Shannon Glatz and Liberty Manos were married Friday on the steps of the U.S. Supreme Court. They wore wedding gowns of white and black.

The ceremony meant the world to the women, although they knew it would carry no official weight once the couple returned to their home in Akron’s Ellet neighborhood.

Ohio does not recognize their marriage.

Until this week, federal law didn’t either.

The U.S. Supreme Court on Wednesday struck down the Defense of Marriage Act, a 1996 law barring the federal government from recognizing same-sex marriages legalized by the states.

“We were elated,” Glatz said Wednesday. She and Manos drove to Columbus to await the court’s decision, surrounded by friends. “It was exciting. We were all on our Facebooks,” posting the news and reading comments.

Glatz, 32, said her mother-in-law called after hearing the decision, and she was in tears.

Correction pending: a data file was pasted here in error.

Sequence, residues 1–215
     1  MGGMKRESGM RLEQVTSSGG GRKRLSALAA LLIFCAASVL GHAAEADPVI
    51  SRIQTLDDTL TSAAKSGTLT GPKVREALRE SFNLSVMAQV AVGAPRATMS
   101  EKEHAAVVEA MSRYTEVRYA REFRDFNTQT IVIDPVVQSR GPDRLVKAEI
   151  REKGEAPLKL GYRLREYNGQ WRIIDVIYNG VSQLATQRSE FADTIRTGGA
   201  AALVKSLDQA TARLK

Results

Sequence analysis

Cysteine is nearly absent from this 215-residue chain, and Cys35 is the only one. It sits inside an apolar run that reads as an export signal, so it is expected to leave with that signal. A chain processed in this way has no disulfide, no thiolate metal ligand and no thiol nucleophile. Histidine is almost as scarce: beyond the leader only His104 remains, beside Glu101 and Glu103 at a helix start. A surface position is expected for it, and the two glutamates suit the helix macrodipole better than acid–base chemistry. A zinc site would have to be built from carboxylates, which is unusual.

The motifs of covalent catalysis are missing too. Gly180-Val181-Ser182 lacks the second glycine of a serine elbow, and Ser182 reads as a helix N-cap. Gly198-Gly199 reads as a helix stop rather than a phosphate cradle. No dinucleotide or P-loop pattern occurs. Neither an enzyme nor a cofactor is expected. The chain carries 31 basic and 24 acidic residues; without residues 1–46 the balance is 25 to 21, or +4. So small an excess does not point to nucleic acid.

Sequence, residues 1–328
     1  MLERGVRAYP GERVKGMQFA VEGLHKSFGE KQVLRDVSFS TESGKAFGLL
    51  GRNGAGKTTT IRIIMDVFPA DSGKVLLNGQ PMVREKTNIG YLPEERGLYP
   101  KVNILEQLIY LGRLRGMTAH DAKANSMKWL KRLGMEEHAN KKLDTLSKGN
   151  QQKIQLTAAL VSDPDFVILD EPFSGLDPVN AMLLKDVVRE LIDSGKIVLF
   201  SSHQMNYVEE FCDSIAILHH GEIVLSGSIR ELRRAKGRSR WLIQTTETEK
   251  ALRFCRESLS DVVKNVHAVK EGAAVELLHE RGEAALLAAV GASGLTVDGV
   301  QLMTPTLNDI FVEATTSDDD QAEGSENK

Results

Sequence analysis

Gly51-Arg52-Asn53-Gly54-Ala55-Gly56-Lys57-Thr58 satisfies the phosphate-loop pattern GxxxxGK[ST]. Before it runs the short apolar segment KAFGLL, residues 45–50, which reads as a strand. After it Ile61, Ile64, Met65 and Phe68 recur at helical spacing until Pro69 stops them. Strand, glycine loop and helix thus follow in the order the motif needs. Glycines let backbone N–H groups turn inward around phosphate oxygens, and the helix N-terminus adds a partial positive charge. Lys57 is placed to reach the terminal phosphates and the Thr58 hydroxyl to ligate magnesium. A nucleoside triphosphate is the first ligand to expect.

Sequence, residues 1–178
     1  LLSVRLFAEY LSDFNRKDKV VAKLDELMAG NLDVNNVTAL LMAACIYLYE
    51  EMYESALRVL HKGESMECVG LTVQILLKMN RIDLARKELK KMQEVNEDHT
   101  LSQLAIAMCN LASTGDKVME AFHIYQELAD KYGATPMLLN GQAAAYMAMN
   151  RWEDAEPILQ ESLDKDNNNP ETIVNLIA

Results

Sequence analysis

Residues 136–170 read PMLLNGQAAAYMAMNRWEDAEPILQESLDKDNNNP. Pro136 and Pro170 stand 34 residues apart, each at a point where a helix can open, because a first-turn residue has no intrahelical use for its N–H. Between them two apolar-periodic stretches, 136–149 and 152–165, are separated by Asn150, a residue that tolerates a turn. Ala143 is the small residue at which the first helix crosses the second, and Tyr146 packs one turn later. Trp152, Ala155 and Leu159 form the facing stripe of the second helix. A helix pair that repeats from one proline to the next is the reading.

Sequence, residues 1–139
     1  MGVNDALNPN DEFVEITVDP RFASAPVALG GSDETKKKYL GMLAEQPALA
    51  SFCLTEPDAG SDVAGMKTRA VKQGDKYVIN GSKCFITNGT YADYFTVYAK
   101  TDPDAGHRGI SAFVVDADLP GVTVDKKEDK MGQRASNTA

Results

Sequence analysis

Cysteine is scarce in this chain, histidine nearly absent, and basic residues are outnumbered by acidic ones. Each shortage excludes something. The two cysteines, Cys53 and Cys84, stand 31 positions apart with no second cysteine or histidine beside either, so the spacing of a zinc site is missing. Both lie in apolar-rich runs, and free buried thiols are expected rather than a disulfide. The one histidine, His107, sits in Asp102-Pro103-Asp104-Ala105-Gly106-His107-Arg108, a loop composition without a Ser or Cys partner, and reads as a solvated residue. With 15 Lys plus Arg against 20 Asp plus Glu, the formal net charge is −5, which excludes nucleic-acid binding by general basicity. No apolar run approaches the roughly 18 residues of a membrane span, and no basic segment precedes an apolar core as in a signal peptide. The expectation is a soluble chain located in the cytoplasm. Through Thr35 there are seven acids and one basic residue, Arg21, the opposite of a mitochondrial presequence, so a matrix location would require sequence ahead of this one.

“She came to our wedding and said she has been waiting for this, just like we have,” Glatz said.

Among the federal benefits the couple looks forward to taking advantage of is joint tax filing — something they still will not be able to do in Ohio, where their marriage is still unrecognized.

She and Manos have been helping Freedom to Marry Ohio collect signatures. The group wants to put the same-sex marriage question before Ohio voters in November 2014.

“It’s a start,” Glatz said of Wednesday’s ruling, “but there is still work to be done.”